October 5, 2012

Griffin v. Proctor's Adm'r, Rockcastle, 1879

Griffin v. Proctor's Adm'r.

COURT OF APPEALS OF KENTUCKY

77 Ky. 571; 1879 Ky. LEXIS 22; 14 Bush 571

February 21, 1879, Decided

PRIOR HISTORY:  [**1]  APPEAL FROM ROCKCASTLE COMMON PLEAS COURT. 

DISPOSITION: Reversed and remanded with directions.

COUNSEL: SAMUEL M. BURDETT FOR APPELLANT.

1. The mortgage executed by the husband alone was ineffectual as to the homestead right in the land embraced by the mortgage. (McGrath, &c. v. Berry, 13 Bush, 395; Crout v. Sauter, 13 Bush, 445.)

HOLMAN & McCLARY FOR APPELLEE.

1. The homestead claimed in this case was paid for after the creation of the plaintiff's debt, although purchased before its creation, and is therefore subject to plaintiff's debt. (Sec. 9 to 16, art. 13, ch. 38, General Statutes.)

2. It was not necessary for the wife to join in the mortgage to create a valid lien on the homestead, because the husband only had an equitable title--a title-bond--for the land at the time he executed the mortgage. 

JUDGES: JUDGE HINES. 

OPINION BY: HINES 

OPINION

 [*572]  JUDGE HINES DELIVERED THE OPINION OF THE COURT.

Appellant, a housekeeper with a family, purchased a tract of land, and, while in possession under a title-bond, executed a mortgage to appellee, in which the wife did not join, for $ 391, $ 150 of which he paid to the vendor in part discharge of his lien for purchase-money. Subsequently [**2]  appellant made other payments on the land until they amounted in all to about $ 1,000. Before the vendor had made a deed to appellant, appellee brought suit to subject the land embraced in the mortgage to the payment of his debt. The court decreed a sale, refusing to allow a homestead, and from that decree this appeal is taken.

In section 9, article 13, chapter 38 of the General Statutes, it is provided that in addition to the personal property exempt from execution there shall, on debts created since the 1st day of June, 1866, "be exempt from sale under execution, attachment, or judgment of any court, except to foreclose a mortgage given by the owner of a homestead, or for purchase-money due therefor, so much land, including the dwelling-house and appurtenances owned by the debtor, as shall not exceed in value $ 1,000."

The 13th section of the same article provides that "No mortgage, release, or waiver of such exemption shall be valid, unless the same be in writing, subscribed by the defendant and his wife, and acknowledged and recorded in the same manner as conveyances of real estate."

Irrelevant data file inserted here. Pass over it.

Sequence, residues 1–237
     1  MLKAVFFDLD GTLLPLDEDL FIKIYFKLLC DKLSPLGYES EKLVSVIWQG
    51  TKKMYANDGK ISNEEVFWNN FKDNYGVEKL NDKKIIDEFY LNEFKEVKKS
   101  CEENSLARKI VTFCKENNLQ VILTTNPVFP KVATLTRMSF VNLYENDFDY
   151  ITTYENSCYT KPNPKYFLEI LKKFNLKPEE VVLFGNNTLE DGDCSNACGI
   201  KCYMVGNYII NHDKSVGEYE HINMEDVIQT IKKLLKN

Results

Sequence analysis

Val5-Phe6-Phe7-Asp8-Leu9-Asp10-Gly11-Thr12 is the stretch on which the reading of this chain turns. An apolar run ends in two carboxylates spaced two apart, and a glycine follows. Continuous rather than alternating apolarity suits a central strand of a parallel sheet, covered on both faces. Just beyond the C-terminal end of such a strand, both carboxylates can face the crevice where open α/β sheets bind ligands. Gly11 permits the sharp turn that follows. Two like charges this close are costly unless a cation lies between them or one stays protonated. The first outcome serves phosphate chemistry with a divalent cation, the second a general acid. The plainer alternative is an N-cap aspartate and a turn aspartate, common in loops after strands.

The 16th section says that the exemption "shall not apply to sales under execution, attachment, [**3]  or judgment at the suit of creditors, if the debt or liability existed prior to the purchase of the land, or of the erection of the improvements thereon."

The court below must have subjected the land upon the idea that appellant's liability existed prior to the purchase of the land, and that a contract of sale, evidenced by title-bond,  [*573]  did not amount to a purchase within the meaning of the statute until completed by conveyance. Or the decree may have been placed upon the grounds that the money for which the note was executed was applied to discharging the lien for purchase-money, and that appellee was entitled to be substituted to the rights of the vendor. As the wife did not join in the mortgage it is manifest that the judgment of the court below is erroneous, unless it can be supported on the grounds mentioned, and this we think can not properly be done.

The word "purchase," in the 16th section, is to be taken as used in its ordinarily accepted meaning, and when so applied it can not be said that the legislature intended to restrict it to the act of conveying the legal title and to provide that a homestead could be acquired in no other than a legal estate. The occupation [**4]  of the improved premises, under the contract of purchase, was the acquisition of a homestead-right, as against subsequent creditors. Such occupancy is notice of the claim to the homestead, and those who deal with the claimant after that time do not do so on the faith of his being the owner of the land. A case where the owner of real estate, unimproved, etc., not occupied as a home, contracts debts, and then takes possession of the land and occupies it, claiming a homestead, would be within the spirit of the statute. He would not be allowed to thus withdraw, from the reach of his creditors, property, on the faith of which, the law presumes credit was obtained.

We do not think that the fact that the money borrowed by appellant of appellee, or a portion of it, was applied by appellant in payment for his land will support the judgment of the court below. There was no agreement that appellee should be substituted to the lien of the vendor, nor that he might in any way look to the land as a security for payment. The loan appears to have been made solely upon the personal security  [*574]  of appellant. In such a case there can be no subrogation of the lender to the rights of the borrower's [**5]  vendor.

Wherefore the judgment is reversed, and cause remanded with directions for further proceedings consistent with this opinion.

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